Jane Allen, chief executive of British Gymnastics, will retire in December amid allegations of bullying and abuse within the domestic sport.
Allen described the latest developments as “very difficult” and promised to continue to support the joint UK Sports and Sports UK Inquiry into the White Review, which was established in August to address growing claims.
The 65-year-old will be welcomed by top gymnasts including Olympians Becky and Ellie Downey and Amy Tingler, who described the weight loss incidents, and say serious complaints against coaches have not been effectively addressed under Allen’s watch.
Allen said: “The last few months have been very difficult, but I look back with great pride on the growth and success we have had over the past 10 years with British gymnastics.
“White criticism will be an important step for gymnastics and other sports that are struggling to deal with these issues. It is very important that this is done in a fair and transparent manner for all parties and I pledge my support to help the game. ”
Allen wanted to retire after the Tokyo 2020 Olympics, but agreed to extend his time due to delays caused by the corona virus outbreak and help deal with abusive claims, the PA news agency understands.
Nile Wilson, who won an Olympic bronze medal in Rio 2016, previously aired his comments on the “culture of abuse” in British gymnastics and took to social media to welcome Allen’s departure.
In a video posted on his Instagram account, Wilson said: “This is a great day for the game. (But) there is still a lot of work to be done, we are not going to wake up tomorrow with one person, it will all be sunshine and rainbows and stable.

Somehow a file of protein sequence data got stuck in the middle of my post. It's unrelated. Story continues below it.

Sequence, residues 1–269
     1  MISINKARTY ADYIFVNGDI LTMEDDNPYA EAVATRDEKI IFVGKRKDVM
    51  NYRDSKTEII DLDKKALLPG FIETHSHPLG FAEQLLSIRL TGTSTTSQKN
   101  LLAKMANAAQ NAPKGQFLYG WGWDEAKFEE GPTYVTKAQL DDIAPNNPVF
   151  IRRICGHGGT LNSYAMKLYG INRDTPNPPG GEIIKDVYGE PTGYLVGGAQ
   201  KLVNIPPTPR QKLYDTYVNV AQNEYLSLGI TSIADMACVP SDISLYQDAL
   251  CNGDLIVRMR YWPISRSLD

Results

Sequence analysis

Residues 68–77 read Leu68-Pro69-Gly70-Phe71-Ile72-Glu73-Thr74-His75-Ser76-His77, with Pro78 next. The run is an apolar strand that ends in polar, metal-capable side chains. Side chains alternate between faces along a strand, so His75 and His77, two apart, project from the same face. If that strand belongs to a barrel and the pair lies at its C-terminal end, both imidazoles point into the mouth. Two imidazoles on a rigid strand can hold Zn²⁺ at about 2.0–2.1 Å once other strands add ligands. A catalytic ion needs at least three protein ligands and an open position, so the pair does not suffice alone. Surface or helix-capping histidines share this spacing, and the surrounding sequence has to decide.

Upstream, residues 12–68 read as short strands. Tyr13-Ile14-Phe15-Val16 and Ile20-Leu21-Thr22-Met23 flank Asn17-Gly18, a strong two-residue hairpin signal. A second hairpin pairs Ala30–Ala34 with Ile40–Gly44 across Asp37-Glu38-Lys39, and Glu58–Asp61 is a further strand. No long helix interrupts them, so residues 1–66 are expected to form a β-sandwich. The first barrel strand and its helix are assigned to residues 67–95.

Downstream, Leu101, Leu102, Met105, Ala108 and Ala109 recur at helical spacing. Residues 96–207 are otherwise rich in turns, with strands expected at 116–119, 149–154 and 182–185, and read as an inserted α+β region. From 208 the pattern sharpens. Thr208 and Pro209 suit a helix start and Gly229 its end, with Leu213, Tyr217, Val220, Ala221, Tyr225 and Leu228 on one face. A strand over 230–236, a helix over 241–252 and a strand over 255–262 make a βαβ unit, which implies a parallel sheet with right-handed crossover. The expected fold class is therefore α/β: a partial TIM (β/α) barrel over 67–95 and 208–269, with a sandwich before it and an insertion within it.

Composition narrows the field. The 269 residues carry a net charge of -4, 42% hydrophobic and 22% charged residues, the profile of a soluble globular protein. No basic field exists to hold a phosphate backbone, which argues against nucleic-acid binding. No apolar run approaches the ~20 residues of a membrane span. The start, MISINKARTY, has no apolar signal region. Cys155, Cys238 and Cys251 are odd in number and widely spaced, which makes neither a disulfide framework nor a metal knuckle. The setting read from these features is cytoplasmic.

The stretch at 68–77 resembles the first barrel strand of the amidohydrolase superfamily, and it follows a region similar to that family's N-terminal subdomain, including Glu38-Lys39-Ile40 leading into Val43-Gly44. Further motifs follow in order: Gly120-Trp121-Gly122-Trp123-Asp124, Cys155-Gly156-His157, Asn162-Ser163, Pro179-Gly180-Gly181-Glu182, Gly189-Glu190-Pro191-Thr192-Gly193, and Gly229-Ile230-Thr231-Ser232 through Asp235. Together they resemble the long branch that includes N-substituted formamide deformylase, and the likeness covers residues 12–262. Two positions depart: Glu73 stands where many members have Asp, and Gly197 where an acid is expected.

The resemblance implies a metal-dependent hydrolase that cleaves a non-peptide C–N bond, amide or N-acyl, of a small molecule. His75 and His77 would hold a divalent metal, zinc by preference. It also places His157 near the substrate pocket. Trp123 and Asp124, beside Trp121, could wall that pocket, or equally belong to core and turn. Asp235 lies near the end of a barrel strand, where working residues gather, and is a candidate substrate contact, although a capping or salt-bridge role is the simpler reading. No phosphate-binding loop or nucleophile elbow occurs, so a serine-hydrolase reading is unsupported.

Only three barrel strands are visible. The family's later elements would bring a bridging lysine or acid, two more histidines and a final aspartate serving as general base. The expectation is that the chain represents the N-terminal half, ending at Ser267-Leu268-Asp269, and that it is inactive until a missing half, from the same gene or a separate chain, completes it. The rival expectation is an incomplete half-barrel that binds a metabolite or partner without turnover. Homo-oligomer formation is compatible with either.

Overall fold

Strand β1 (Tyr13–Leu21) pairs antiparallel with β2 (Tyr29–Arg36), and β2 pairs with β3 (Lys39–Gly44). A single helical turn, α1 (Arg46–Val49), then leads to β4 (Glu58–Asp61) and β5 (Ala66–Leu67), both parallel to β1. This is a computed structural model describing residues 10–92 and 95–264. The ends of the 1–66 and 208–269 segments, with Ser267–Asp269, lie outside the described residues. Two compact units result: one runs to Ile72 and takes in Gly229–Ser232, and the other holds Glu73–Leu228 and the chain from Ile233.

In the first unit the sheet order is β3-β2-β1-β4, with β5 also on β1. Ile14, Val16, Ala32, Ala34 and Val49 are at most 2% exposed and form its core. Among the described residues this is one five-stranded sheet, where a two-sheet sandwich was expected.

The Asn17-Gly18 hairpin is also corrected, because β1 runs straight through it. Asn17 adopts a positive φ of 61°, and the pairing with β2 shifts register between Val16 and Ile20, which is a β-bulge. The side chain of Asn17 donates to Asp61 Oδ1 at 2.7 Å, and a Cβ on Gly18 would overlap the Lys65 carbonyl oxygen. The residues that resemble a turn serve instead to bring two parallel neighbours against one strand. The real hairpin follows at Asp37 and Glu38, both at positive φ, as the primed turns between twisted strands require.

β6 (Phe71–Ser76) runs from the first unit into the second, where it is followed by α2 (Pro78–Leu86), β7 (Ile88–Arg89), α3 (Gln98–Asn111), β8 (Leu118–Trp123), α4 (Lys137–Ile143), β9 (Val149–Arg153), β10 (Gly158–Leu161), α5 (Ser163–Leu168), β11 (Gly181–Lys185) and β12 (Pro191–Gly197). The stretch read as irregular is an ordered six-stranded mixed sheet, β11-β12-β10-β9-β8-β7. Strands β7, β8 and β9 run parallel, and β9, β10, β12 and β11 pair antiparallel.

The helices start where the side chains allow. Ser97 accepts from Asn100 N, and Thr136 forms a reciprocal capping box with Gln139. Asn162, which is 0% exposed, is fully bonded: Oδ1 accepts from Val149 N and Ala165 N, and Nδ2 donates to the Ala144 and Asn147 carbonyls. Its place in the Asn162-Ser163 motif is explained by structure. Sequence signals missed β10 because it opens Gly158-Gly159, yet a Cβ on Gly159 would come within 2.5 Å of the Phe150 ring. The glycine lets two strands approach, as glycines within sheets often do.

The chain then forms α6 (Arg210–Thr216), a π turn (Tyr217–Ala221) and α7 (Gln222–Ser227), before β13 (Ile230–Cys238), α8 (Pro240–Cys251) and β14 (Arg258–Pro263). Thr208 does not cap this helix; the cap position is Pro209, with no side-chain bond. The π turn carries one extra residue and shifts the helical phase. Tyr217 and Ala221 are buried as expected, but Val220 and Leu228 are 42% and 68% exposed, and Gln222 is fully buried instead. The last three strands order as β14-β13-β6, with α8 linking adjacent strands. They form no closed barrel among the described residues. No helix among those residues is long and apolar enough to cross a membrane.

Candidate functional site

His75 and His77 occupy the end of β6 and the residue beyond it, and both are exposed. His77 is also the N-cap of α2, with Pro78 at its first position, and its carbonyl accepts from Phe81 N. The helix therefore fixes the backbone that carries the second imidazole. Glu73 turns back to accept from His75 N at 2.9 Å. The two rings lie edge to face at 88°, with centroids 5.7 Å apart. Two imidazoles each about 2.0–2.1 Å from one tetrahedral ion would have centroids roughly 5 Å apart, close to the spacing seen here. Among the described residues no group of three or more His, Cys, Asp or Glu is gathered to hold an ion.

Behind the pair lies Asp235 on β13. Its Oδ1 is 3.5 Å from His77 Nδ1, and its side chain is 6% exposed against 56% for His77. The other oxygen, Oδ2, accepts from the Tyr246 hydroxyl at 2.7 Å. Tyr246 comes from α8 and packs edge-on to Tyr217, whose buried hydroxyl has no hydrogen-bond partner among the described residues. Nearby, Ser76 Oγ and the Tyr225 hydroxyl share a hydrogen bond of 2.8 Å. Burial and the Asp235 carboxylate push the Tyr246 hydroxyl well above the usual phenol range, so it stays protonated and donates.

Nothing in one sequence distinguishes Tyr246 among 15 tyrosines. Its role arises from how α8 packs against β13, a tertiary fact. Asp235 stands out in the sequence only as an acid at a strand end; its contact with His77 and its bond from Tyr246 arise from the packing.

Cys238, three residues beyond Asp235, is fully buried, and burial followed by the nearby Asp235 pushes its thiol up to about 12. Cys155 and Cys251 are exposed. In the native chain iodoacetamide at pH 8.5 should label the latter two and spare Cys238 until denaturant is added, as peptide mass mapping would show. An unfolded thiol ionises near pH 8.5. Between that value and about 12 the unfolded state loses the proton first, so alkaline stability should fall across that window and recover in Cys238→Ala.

“The required cultural change begins at the top, which is a big step. For all those who have spoken boldly, change is beginning to happen.”
Allen joined British Gymnastics in 2010 after 13 years with Gymnastics Australia.
He led the way to unprecedented success, including a record seven medals at the 2016 Rio Olympics, and was awarded the MBE for services to the sport on this year’s New Year’s roster list.
But he found himself increasingly at the center of allegations of abuse at the elite and club level, with nearly 200 gymnasts registering complaints with a joint British athletics authority and the NSBCC helpline.
In July, Allen admitted he was “shocked and ashamed” by allegations of bullying and abuse in the domestic game, and praised the “courage” of the speakers.
The following month, it was announced that he would be temporarily stepping down from his role in the UK Sport’s major events team to avoid conflicts of interest over the White Review.
Amanda Redd has temporarily resigned as national coach, pending a separate inquiry into allegations of misconduct, which she vehemently denies.
Fellow national coach Colin Still was put on trial last month after Tingler published emails that appeared to refer to the Rio 2016 bronze medalist as a “fat dwarf”.
British gymnasts say they are not in a hurry to appoint someone after Allen and that the interim chief executive will be notified in a timely manner.